rutenso – the great power of tiny signs

As I discussed in the previous posting in this series (, rutenso is a philosophy for thriving in times of constant change.  It’s the power the makes the Solution-Focused (SF) approach so interesting and different.  One interesting aspect of working in environments where change is happening all the time is the big power of tiny signs.

What is a ‘sign’?  In the dictionary, sign (noun) is given as:

“An object, quality, or event whose presence or occurrence indicates the probable presence or occurrence of something else.” 

In SF work, a sign is an indicator that useful change has happened… either in the past, the present or the future.  Note that this is not at all the same as ‘what will bring change about’.  That’s an action.  A sign is something that tells us that things are moving in the right direction.  It might turn out to be actionable or it may not.  So, what’s the advantage of talking about tiny signs?

Suppose we want to describe a better future – something we want to have happen.  It’s interesting what happens when we do this in terms of ‘first tiny signs’.

  • The description becomes very concrete.  We start thinking about small observable and detailed elements.
  • The description becomes very generative.  These are first tiny signs – but the precursors of all kinds of bigger things to come.
  • A rich description can be generated by thinking about many tiny signs – each possibly insignificant on its own, but in unison amounting to an exciting new possibility.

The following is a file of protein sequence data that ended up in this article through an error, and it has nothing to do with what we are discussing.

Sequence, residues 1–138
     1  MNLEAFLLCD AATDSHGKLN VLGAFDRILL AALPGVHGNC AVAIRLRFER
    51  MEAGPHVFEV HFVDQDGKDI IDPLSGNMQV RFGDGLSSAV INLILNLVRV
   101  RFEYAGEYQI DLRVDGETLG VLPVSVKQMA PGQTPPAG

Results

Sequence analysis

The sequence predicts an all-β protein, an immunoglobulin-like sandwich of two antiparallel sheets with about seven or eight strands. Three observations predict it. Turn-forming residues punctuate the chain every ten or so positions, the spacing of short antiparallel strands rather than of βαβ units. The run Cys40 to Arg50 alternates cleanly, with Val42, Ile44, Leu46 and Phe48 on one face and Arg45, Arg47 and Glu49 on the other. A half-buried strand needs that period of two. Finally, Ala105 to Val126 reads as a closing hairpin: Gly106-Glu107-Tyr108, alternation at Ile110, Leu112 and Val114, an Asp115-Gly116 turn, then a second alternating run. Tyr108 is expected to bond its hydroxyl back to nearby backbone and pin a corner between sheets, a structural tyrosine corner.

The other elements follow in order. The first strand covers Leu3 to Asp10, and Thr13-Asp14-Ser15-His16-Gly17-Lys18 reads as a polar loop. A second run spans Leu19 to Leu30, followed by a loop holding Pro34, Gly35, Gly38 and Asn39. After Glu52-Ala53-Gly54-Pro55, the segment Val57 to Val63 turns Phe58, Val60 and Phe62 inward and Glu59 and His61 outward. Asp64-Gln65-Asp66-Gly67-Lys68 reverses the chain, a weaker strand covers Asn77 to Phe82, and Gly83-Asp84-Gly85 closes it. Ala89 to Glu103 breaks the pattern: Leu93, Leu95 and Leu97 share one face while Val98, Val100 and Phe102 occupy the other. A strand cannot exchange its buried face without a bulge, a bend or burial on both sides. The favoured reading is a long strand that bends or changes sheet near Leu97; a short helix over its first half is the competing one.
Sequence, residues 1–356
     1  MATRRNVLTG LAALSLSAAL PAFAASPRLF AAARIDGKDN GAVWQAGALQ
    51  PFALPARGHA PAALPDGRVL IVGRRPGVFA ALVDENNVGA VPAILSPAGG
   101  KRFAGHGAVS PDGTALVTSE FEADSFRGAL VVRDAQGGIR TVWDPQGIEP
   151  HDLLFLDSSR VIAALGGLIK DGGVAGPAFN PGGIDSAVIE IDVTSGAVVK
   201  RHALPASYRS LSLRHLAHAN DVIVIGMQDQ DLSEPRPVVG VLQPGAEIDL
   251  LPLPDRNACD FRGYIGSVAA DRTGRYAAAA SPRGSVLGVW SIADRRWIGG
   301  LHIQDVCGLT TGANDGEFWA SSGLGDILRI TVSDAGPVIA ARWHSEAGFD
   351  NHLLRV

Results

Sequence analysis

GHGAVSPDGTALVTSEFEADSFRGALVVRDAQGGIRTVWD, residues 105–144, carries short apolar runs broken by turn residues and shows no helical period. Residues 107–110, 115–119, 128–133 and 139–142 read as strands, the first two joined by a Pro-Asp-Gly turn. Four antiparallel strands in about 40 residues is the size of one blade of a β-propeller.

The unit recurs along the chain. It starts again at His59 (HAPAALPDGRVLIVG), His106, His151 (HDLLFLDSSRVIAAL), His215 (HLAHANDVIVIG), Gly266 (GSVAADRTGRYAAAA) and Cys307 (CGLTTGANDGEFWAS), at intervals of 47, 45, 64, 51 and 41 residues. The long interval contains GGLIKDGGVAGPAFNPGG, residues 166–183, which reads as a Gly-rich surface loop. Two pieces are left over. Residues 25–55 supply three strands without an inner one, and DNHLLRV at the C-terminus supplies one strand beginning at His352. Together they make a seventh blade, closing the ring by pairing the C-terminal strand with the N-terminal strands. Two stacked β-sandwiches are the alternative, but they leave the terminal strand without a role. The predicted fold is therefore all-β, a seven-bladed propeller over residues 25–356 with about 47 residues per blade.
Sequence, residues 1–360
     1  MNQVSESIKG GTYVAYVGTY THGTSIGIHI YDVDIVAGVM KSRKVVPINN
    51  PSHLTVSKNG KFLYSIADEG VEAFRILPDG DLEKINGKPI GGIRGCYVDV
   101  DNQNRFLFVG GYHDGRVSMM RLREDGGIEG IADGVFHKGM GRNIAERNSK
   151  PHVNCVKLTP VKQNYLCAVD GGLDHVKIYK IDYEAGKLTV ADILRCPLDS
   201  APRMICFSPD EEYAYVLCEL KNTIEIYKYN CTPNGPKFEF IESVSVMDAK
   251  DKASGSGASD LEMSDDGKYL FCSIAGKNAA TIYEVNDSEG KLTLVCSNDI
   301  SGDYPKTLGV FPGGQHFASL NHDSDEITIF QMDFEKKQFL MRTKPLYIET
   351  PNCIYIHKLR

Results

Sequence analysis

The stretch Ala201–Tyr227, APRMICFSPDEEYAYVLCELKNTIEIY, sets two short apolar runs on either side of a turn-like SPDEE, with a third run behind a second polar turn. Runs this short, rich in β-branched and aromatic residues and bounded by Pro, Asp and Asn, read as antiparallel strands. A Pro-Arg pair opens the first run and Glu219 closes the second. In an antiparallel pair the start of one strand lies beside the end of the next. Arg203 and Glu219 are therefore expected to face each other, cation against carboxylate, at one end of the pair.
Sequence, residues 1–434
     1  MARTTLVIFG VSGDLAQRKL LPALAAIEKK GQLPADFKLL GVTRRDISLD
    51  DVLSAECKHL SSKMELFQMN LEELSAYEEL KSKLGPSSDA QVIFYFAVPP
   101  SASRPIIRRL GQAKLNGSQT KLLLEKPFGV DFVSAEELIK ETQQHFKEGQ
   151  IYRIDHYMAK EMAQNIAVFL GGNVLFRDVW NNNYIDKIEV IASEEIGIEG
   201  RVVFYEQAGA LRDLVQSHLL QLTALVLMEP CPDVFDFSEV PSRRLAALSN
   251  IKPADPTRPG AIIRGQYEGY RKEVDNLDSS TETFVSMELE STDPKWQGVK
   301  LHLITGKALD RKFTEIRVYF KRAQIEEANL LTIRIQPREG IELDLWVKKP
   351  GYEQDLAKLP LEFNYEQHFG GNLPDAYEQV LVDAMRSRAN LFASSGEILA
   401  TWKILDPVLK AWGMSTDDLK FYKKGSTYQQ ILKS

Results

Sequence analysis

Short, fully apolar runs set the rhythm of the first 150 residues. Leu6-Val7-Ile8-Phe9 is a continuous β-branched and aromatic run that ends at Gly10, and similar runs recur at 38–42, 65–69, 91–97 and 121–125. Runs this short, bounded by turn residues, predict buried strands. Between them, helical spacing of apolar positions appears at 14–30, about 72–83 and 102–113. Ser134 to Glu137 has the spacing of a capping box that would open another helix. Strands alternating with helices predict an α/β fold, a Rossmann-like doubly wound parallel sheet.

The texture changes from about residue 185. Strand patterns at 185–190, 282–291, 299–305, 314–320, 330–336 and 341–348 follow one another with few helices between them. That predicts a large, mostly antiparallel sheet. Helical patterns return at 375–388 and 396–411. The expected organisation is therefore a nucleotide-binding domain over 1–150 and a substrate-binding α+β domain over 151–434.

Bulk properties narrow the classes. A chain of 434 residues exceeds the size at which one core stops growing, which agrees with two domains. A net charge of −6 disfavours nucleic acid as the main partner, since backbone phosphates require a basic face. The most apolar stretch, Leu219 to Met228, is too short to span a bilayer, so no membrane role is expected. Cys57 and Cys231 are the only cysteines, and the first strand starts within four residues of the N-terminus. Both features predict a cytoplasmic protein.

• The description can become action-oriented – the tiny signs themselves lead to ideas for actions.
  • And finally, the tiny signs can be used in the future as reference points to spot change starting to happen.  Once you know what you’re looking for, it’s much easier to spot it.

I notice this sometimes when I work with people from other traditions.  It seems like they are happy to discuss better futures at a general abstract level, but when get a little nervous when I suggest we ask about ‘first tiny signs’.  Maybe talking in these terms raises the stakes a bit – the future starts to seem nearer, and we may actually have to deal with it starting to arrive!  But surely that’s a good thing?

2 responses

  1. Yes, it’s a world of constant change, some of which happens slowly (social change) and some really fast (technology). In either case we make progress by slowing down to to see ourselves making small changes right away. I have seen clients go off to make a host of small changes across a team and later heard back then that the team made significant progress towards the bigger change they wanted.

  2. martin fletcher | Reply

    Hi Mark,

    I was struck by a recent report I heard/read about research which suggested that discussing one’s goals (re: weight loss / fitness etc.) with others results in a reduced likelihood of them being achieved – it’s made me stop telling my deadlift coach what I aim to lift when we do my single max rep test! Unfortunately I haven’t found a reference for the research as yet.

    Since I became aware of this I have thought a lot about SF client descriptions – if this research is correct then I wonder whether we see/hear about success because they are effectively describing their goals to themselves and we just happen to be there. I have always been careful when delivering SF training to explain to trainees that client descriptions are for them to hear, not for our information…except when we are using SF language sets and ideas in other ways e.g. social work…wen we need to be explicit about our information gathering and retaining role.

    In the context of that suggested, if elusive, research finding though, your final paragraph is fascinating!


    Martin F.

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